Nowadays, most prison designs incorporate direct or indirect surveillance: Instead of isolating the inmates into cells, it’s more common to have “pods”, clustered together around a central control station. Inmates tend to spend the majority of their time together in communal areas. Officers are constantly monitoring and interfacing with inmates get more information.
A jail designed around pods is thought to have a higher cost efficiency and to foster a positive environment, which can help inmates to recover.
It is a relatively new design. Direct supervision wasn’t recognized as a formal concept by the National Institute of Corrections until 1983. How did we arrive at this point?
Modern prisons have their roots in the “prison explosion” of the late 1800s. In the late 1700s, under the influence of Catholicism, the Catholic church encouraged communities to use prison as a form of punishment rather than traditional methods of exile, death or mutilation. Prison construction in England was a result of the Revolution, which had stopped authorities from simply banishing criminals to America. Construction booms were also seen in America due to the expansion of civilisation and criminal laws.
In 1823, the Gaols Act introduced the idea of classifying inmates. The prison designs of this period reflected that concept. The prison architect began using geometric shapes, such as squares, rectangles and circles.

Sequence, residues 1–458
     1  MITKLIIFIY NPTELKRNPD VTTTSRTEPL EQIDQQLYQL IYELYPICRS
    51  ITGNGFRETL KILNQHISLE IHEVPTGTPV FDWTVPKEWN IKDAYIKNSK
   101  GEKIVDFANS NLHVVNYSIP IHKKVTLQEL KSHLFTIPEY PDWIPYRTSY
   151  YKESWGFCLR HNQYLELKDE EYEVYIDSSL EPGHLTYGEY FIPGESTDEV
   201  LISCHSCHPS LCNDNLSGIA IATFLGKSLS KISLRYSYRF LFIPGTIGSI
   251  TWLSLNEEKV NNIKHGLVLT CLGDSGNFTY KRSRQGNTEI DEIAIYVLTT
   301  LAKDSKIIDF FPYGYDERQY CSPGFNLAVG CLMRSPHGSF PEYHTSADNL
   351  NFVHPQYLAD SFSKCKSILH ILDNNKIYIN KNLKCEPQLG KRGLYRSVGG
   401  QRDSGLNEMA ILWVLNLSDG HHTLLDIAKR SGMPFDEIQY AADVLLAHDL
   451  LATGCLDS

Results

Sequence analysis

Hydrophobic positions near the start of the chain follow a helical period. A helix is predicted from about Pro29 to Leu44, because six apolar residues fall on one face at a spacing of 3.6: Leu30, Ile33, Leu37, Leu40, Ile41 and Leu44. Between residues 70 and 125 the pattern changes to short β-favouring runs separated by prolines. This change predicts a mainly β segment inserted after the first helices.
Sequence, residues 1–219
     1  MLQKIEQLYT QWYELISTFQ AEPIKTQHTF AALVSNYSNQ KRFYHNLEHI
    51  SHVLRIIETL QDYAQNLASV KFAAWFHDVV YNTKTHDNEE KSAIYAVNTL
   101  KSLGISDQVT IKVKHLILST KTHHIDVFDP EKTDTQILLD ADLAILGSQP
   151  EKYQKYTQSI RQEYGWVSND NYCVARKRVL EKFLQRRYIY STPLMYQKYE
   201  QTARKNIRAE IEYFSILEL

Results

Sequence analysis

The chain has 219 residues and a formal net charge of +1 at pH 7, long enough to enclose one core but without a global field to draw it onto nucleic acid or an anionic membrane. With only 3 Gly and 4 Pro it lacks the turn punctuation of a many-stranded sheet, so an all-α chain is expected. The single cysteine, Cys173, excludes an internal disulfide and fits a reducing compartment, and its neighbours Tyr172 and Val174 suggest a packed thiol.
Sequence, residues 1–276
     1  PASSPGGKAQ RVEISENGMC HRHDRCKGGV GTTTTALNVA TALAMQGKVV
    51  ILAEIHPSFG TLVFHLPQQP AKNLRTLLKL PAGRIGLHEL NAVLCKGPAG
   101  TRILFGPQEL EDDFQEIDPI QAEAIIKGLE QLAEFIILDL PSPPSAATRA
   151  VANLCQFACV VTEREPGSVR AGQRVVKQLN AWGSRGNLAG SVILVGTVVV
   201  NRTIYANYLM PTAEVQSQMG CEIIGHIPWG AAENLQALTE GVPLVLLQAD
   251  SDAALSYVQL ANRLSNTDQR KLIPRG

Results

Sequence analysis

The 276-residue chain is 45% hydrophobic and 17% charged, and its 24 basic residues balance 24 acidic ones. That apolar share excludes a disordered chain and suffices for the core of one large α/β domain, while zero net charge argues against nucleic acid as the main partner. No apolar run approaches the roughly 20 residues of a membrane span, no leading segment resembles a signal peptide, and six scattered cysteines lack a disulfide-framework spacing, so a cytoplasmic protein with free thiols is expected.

The Panopticon is the most well-known prison of that period, designed by prison reform activist Jeremy Bentham. Panopticon is a concept that consists of a building in which the inmate’s cells are built along the outer wall and the keepers gallery rises up in the centre. It allowed for the keeper to see the inmates, without being seen by them. Bentham suggested that the inmates wouldn’t need to be constantly monitored because they won’t be aware of when they are being observed. This would force them to always behave.
Few prisons have been built according to Panopticon traditions in the United States. Stateville in Illinois, constructed between 1916 and 1925 with the help of inmates, is perhaps the best known. It was possible to access the central guard tower from underground, allowing additional officers to reach any disturbed cellblock. Bentham had a grand vision to create a prison that was revolutionary and would reduce prison costs, while also promoting inmate reform via menial labour. However, Bentham’s Panopticon prison did not allow for the proper housing of prisoner. Poor ventilation and dampness in the cells led to illnesses and high mortality rates. In the end, overcrowding stopped the use of solitary confinement for unruly prisoner.
However, the Panopticon’s design was influential in the development of a new design principle: Radial Design. Bentham’s central building, which houses the keeper in this version of his design is retained. However, prison wings or corridors are radiated out like spokes from a wheel. The raised cell design allowed better heating, ventilation and was a barrier to prisoners digging under the floor. Lack of cleanliness and difficulty for keepers in inspecting the prisoners are two of the limitations that continue to create problems.